Stepping the few steps upto the temple, brought forth a sight that i could never have imagined, a sea of humanity sleeping on the ground, and a small line snaking its way through to the trekking path. A few sleepy policemen guiding us through. The first couplf kilometers was a very steep climb, over sharp paved concrete and railings for support. My Softened software-feet were screaming full throat, but the fear of getting caught in the crowd coming behind meant that we, (oh yeah i got a fellow devotee for company), pushed ahead without a stop. The climb done, i was looking forward to the rest of the walk. only to see a huge queue on the mountain side all the way the eye could see. A good 8 hours later we made it to the sannidhanam, an ever bigger pile of filth, spoiling the experience. With the lower half of my body, numb by then, i had stop bothering. time was 3. With the Rava uppuma that i had for breakfast long digested, the grumbling was only acute as we waited for the jyothy which was still a good 3 hrs later. Managing to get a vantage point courtesy of my new friend, I stood there and dozed off. Though with nothing to hold on for support, I did not have to worry as it was too jam packed for me to fall. I still wonder whether it was sleep or a momentary lapse in conciousness...whatever it was i got up only at 5... slightly refreshed, but stinking all over, with sweat, mine as well as the bare chested kannadiga's, who i think supported me. with me standing at an elevated point, the sight was one to behold, a hill top with every possible inch crawling with people. The tension was palpable as people began to get excited and stir about in the maddening crowd. Well past 6.30 and no jyothy yet, the cries of the throng had gotten to a dearening roar. And when the jyoty appeared as 3 brief flashes, it was an experience that will last my life time. Electrifying yet hysterical. It was a culmination of all that suffering in something good. Hope that kept the drive to walk alive. And with a deep throated "swamiye" that reverberated around the hills, a call to the heavens, the collective throes of a mankind for release from the mudane rigours of life. It opened my eyes to what religion is all about- HOPE. Hope that reflected in the tears streaming down the now smliing bare chested Kannadiga.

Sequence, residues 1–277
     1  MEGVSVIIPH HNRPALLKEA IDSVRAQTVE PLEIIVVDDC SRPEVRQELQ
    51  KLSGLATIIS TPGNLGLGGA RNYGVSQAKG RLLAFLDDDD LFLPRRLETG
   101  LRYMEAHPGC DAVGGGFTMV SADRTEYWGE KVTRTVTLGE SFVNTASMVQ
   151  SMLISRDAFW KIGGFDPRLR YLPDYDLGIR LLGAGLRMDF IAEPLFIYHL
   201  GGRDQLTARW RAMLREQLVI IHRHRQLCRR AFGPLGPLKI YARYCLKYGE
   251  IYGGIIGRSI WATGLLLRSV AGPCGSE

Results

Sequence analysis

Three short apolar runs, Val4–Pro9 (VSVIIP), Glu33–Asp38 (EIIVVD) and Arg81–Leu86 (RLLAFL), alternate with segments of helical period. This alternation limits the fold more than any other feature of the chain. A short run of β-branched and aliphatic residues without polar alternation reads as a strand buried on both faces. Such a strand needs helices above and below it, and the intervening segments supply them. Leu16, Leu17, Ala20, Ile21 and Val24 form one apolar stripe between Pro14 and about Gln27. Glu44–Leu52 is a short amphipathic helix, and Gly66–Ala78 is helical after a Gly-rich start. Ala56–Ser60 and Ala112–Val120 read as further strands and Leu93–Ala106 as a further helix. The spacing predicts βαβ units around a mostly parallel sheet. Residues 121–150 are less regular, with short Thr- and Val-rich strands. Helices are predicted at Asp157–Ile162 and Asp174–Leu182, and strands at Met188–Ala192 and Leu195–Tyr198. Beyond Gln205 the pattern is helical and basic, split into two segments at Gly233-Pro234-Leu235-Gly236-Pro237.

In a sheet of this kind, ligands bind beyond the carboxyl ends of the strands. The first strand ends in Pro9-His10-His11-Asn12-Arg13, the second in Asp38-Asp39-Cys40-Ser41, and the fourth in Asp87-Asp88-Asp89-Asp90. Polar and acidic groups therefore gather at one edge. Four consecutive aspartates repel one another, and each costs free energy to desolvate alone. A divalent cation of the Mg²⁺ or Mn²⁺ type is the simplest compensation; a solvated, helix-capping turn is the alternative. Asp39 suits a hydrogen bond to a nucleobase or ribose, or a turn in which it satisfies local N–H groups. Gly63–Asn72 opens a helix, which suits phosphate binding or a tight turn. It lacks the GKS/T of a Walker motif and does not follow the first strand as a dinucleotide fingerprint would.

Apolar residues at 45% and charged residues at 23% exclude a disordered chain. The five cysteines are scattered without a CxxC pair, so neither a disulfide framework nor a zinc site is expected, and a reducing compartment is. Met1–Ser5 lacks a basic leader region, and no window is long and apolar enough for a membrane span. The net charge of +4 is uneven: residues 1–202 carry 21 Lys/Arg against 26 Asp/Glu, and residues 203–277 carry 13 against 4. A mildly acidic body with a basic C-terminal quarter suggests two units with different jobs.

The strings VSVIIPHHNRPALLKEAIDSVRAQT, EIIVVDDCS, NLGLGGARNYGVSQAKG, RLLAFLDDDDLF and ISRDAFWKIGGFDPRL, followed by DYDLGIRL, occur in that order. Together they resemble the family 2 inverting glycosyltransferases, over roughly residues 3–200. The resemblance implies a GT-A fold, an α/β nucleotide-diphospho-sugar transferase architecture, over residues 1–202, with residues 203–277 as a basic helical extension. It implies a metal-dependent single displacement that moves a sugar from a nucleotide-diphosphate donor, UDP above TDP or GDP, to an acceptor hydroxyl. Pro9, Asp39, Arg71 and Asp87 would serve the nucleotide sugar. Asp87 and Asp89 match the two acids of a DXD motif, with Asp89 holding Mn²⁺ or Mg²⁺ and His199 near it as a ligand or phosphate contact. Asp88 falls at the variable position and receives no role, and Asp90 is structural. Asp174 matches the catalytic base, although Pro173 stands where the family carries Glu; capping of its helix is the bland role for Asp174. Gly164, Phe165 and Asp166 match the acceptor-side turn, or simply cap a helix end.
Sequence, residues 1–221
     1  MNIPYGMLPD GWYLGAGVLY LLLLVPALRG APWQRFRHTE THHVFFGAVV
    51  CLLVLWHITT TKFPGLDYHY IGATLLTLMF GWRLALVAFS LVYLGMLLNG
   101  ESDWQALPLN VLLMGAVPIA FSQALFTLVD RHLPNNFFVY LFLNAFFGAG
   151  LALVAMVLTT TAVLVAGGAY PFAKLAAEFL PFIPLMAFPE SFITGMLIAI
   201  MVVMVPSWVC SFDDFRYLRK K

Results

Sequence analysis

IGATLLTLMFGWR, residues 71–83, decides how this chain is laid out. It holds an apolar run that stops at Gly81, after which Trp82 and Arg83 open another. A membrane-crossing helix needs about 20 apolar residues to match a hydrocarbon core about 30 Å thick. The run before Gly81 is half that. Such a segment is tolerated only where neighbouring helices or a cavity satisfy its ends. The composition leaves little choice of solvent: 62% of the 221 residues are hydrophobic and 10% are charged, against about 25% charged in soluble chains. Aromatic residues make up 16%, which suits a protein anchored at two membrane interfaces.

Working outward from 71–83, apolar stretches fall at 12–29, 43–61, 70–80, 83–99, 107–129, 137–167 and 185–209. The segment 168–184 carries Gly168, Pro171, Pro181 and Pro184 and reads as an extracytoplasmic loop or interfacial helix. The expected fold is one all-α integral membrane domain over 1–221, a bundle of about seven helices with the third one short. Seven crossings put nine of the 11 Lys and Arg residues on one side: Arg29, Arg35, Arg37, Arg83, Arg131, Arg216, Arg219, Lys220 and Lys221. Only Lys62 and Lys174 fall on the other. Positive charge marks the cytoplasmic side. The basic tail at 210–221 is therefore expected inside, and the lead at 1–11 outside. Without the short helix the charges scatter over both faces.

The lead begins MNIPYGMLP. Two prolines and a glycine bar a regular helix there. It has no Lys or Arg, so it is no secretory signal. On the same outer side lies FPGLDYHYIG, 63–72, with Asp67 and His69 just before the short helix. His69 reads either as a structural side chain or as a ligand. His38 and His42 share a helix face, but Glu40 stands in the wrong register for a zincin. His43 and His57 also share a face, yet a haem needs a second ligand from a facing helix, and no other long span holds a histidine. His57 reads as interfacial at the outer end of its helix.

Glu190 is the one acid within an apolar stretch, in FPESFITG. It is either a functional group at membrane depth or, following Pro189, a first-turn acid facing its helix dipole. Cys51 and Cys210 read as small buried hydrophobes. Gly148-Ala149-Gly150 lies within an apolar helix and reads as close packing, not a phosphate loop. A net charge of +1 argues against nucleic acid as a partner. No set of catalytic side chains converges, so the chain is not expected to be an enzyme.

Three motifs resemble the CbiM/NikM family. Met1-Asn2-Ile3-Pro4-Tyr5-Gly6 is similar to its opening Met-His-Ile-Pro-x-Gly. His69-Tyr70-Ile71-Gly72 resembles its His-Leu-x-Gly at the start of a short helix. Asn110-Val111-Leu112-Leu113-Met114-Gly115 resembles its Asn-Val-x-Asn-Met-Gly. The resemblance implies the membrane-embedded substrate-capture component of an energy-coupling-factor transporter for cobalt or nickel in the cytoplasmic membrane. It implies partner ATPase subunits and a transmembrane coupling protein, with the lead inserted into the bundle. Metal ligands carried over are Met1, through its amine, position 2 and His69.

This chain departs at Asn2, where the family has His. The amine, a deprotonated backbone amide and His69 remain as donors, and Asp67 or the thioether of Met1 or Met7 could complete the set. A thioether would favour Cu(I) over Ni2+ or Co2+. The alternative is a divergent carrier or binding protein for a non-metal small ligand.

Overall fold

And as the adage goes "Zindagi mein ek baar sadari yaathra chalo chalo"

Sunday, February 04, 2007

Religion and a pilgrimage

For a guy born and brought up in a typical agraharam, being religious is supposed to be a default setting. And the default setting remained that way for 17 golden years and then college happened and a period of self discovery :- 4 years of freedom. And with freedom came the natural side effects - indiscipline and irreverence. Not that i hated it, but still..